Before we announce the new 2013 changes, we wanted to share some insight on online security. This information can help keep you safe in any application you may use – email, websites you visit, and so on.
Many users don’t give online security much thought. However, without knowing the basics, a person can be vulnerable when they are online. When we don’t make informed decisions about online security, many areas of our everyday lives (e.g. social networks, online financial records, email) are at risk from attackers.
Below are some common security attacks.
- Social engineering. This is when someone tricks you into giving them information they shouldn’t have, such as someone pretending they are from Icon Systems and asking you for your password. Another example is phone scams where people call you and tell you that you won something and they need your social security number to claim the prize.
- Password cracking. This can happen in a couple ways: either (1) you choose an easy password to guess, and someone programmatically runs code to break the password or just guesses it (this is easier than you think) or (2) an attacker compromises the computers where the passwords are stored, and then decrypts them. We encourage all users to use strong passwords.
- Cross site request forgery (CSRF) – a.k.a. “tricky links”. Be careful what you click on! CSRF is when you click a button/link on one web site, and it actually does an action on another website pretending to be you. For instance, say you are logged into IconCMO, and click in an email or website that says, “Look at my cat!” A successful attack could do anything that the user can do in IconCMO – including adding users so that the attacker can get into your account.
- Injection style attacks. This is when attackers of a system gain direct access to the back-end database by entering in database commands (malicious code) instead of the usual data through a text box on a website. This is one of the most common attacks on websites that are database driven and the chances of the person being caught is low compared to the high value of the information that can be taken.
- Secondary attacks. It’s easy to think, “I don’t worry about people getting into account ‘x’ of mine online because I don’t have anything important there.” The trick is that a chain is only as strong as its weakest link. If an attacker found out your password to an insecure site, and you used that same password for your email account, chances are they now have access to your email, too. And, if they have your email, perhaps they could use a password reset to gain access to your online banking account. This is how they work their way up from the weakest link in the chain to the strongest link and most important – your online financial accounts.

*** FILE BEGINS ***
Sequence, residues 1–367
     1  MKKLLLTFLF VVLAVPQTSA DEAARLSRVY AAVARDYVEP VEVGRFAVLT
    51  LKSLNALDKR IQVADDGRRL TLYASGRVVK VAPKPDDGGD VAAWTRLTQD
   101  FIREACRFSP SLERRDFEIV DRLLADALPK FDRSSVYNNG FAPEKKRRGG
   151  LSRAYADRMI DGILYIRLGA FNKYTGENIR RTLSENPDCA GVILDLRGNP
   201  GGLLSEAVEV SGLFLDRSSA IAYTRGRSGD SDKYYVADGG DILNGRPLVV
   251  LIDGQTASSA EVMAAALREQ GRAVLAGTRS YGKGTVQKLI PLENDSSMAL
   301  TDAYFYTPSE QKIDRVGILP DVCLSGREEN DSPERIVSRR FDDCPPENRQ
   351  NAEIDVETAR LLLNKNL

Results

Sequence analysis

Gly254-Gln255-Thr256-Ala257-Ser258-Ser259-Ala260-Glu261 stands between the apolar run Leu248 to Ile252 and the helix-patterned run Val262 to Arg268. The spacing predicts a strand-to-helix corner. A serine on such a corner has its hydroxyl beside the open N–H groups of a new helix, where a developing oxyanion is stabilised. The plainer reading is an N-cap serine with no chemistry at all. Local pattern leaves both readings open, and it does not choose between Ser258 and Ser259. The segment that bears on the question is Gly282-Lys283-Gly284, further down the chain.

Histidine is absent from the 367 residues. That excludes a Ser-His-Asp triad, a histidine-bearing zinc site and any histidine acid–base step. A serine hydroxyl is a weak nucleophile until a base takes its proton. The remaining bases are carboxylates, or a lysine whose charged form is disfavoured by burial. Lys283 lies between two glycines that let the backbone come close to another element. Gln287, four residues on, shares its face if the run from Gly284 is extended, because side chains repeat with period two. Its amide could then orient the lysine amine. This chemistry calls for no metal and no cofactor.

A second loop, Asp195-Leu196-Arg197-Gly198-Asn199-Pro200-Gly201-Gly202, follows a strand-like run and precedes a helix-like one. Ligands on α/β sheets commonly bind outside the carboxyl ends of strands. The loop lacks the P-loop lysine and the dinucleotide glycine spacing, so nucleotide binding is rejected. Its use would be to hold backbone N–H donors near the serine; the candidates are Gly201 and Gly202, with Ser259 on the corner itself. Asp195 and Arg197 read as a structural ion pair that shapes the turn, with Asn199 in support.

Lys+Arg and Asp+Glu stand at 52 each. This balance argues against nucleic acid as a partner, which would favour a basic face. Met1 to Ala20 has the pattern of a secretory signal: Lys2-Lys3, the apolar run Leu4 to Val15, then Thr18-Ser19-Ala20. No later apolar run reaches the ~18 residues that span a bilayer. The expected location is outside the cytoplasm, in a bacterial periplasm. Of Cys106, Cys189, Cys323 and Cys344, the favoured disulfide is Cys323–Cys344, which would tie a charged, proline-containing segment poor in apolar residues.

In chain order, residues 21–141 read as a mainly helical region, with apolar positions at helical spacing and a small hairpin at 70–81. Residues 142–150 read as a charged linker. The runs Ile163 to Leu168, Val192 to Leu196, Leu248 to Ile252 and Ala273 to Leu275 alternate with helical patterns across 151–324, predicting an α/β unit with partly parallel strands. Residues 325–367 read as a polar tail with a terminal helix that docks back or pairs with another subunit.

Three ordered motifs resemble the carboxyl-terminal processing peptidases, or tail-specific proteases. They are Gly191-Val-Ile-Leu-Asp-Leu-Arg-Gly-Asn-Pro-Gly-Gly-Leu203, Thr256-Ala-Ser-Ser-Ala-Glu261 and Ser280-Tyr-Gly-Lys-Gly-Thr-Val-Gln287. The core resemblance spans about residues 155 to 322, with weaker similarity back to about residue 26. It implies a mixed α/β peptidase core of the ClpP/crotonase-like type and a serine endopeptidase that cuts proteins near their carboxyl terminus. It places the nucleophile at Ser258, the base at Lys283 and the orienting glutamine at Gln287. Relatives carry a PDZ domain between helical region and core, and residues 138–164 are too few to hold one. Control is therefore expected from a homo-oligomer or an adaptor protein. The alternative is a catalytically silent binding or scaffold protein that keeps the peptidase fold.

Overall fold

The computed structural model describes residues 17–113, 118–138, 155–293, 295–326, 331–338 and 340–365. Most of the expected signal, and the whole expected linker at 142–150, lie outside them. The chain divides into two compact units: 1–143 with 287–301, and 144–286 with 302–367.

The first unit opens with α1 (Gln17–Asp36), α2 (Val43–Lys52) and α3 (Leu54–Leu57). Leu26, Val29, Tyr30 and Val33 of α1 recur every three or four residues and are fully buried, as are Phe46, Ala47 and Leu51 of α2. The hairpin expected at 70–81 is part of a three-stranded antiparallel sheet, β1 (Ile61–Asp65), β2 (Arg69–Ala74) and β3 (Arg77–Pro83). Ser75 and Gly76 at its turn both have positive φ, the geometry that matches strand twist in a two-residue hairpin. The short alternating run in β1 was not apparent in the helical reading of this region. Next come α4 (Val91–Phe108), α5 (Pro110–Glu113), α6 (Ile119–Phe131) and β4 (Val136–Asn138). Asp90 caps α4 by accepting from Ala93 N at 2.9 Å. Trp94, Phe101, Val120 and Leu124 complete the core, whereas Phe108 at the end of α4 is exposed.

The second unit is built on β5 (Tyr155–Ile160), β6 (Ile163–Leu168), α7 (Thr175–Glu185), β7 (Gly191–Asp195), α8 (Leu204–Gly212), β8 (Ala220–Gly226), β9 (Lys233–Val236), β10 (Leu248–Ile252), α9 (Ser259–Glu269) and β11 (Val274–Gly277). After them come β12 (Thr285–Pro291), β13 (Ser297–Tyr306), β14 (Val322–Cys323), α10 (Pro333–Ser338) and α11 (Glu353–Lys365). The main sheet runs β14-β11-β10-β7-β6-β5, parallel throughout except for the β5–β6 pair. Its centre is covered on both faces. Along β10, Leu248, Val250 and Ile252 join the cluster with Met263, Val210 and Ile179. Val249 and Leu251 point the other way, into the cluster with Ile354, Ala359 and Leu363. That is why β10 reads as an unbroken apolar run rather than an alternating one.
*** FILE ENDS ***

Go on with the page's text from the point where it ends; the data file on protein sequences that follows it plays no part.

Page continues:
While we have always taken data security very seriously since IconCMO was publicly released in 2003, technology is always changing. Icon Systems must ensure necessary precautions are taken each year to protect our clients’ most valuable asset – their data. We have been especially busy behind the scenes improving the security in IconCMO over the past several months.
We are happy to announce the 2013 data security changes.
For user experience we improved the following:
- IconCMO will accept the login phone number formatted any way the user types it in, including special characters like dashes or parentheses. As long as the numbers, user ID and password are right, you can access your data. We ignore all special characters now.
- We improved some inconsistencies with exporting data in various modules across the system when a user has Read Only Access.
- We improved some of the messaging on the system’s screens that the users see if they have Read Only Access.
- To ensure system continuity, the system will notify you when your system is 3 days from expiration. This helps to ensure the system does not expire on you over a typical weekend.
For overall system security we improved the following:
- We improved the tracking of logging users that access the church’s database.
- IconCMO has added a time delay if a set number of log-in attempts have failed, which deters attackers who can guess thousands of possible passwords every second.
- We improved the storage of passwords by using a sophisticated algorithm. In the unlikely event someone gains unauthorized access to the database the hacker would not be able to decode the algorithm.
- With the improvements of password storage even Icon Systems employees cannot determine a user’s password. If the user loses their password, the only way for them to recover it is to use the forgot my password link that is will automatically generate an email.
- Important: Please keep your email address up to date on IconCMO in the Organization → Preference → Personal screen.
- We improved the method in which your digital footprint is cleared from the server when you log out.
- We improved the protection against CSRF-style attacks. (CSRF: Cross Site Request Forgery)
- We improved IconCMO security protocols to prevent SQL injection type attacks.
- All of these changes and many more are incorporated into the main IconCMO church software system, the support forum, the API’s for 3rd party add-ons, the parishioner’s module, and the multi-site church management systems. All of these improvements are in addition to our security protocols that are in place already which can be read here.
Below you will find some resources if you want to find out more about specific types of security attacks.
- Password Cracking – How to create strong passwords.
- Social Engineering – A story on how social engineering can work.
- CSFR Attacks – How these types of attacks are carried out and how to prevent it.
- SQL Injection – What is it and how to prevent it. (Keep in mind this is just one type of injection attack.)